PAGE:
This story was in the Dispatch yesterday, and while more of a national story, it will definitely have a local impact on Columbus as well. First come the freight trains. Next come the passenger trains?
Freight by rail enjoys comeback
Track being laid for first time in 80 years as fuel costs hurt truckers
Wednesday, April 30, 2008
BY FRANK AHRENS
THE WASHINGTON POST
RADFORD, Va. — When Bob Billingsley hired on with Norfolk Southern railway 31 years ago, he was a rookie on work crews that were closing unused lines as the nation’s economy turned its back on the railroads.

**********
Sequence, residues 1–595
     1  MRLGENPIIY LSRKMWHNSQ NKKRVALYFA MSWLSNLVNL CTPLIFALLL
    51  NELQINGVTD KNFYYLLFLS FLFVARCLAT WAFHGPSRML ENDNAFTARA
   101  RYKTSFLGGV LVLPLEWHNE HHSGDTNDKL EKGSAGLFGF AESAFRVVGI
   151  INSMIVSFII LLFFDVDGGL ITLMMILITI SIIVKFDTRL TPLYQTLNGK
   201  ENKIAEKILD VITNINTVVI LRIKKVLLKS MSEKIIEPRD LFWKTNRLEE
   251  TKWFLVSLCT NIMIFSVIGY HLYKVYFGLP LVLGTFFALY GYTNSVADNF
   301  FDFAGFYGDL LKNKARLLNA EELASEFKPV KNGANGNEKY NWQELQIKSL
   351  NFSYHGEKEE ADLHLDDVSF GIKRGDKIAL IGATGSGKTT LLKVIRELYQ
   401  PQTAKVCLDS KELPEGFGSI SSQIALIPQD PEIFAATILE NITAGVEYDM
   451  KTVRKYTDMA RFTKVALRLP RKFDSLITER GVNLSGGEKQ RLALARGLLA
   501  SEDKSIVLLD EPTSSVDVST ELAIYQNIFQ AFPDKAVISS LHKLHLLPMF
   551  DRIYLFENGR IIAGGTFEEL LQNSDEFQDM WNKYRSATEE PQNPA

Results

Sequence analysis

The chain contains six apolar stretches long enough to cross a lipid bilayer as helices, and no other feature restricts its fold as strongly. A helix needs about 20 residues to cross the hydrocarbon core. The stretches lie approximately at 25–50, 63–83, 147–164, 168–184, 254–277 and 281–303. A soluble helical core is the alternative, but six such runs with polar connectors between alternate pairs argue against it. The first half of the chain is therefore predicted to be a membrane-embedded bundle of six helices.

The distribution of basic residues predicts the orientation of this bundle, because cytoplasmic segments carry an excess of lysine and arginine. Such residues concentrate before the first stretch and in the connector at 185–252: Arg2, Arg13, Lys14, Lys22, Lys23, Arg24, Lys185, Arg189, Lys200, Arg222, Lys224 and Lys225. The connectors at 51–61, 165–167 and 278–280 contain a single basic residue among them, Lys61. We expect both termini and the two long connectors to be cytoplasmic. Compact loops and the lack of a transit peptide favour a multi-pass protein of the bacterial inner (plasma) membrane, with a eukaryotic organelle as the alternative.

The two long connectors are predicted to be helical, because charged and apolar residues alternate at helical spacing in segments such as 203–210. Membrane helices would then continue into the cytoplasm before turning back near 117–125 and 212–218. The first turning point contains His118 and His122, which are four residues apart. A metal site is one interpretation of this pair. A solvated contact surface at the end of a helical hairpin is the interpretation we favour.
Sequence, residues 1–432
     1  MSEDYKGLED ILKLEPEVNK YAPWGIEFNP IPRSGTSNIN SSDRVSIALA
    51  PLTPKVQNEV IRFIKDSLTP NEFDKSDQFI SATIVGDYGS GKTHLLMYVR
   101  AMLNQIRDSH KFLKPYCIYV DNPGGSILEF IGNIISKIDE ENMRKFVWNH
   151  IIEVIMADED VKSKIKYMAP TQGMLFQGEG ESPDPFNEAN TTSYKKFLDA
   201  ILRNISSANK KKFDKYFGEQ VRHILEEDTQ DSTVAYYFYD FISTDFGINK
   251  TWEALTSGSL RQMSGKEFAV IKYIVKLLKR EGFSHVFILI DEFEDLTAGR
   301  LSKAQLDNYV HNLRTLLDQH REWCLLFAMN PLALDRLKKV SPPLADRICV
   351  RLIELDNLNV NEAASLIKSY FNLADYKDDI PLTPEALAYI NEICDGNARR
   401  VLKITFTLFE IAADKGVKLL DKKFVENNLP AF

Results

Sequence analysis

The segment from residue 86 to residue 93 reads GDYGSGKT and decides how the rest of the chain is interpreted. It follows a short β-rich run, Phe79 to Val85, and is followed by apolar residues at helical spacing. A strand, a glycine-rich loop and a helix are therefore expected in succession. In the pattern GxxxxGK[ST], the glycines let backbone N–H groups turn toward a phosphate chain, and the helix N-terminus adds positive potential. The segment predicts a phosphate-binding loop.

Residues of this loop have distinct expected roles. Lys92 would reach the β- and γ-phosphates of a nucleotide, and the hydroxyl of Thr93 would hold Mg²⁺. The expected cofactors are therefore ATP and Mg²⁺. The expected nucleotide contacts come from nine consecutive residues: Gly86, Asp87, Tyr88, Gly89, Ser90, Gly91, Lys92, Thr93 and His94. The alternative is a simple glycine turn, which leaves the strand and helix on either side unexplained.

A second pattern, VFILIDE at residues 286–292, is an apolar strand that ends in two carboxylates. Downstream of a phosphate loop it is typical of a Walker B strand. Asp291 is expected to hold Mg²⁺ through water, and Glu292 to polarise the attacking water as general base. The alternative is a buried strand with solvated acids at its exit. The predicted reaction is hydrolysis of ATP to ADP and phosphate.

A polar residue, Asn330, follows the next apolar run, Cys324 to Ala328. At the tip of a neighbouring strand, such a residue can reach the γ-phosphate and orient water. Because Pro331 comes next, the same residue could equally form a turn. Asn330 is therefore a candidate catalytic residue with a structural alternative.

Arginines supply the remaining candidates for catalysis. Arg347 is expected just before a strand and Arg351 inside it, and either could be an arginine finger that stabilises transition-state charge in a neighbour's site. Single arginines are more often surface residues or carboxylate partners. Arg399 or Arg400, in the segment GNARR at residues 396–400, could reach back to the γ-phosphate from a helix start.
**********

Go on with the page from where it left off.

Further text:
Now, he’s in charge of raising the roof of a Norfolk Southern tunnel in southwestern Virginia to clear headroom for the double-stacked container cars that have become the symbol of the industry’s surge, thanks to a confluence of powerful global factors.
“For years, we were looking for ways to cut costs to increase profits,” said Billingsley, as a train rumbled by. “Now, we’re building business to increase profits.”
The freight railway industry is enjoying its biggest building boom in nearly a century, a turnaround as abrupt as it is ambitious. It is largely fueled by growing global trade and rising fuel costs for 18-wheelers. In 2002, the major railroads laid off 4,700 workers; in 2006, they hired more than 5,000. Profit in the industry has doubled since 2003, and stock prices have soared. The value of the largest railroad, Union Pacific, has tripled since 2001.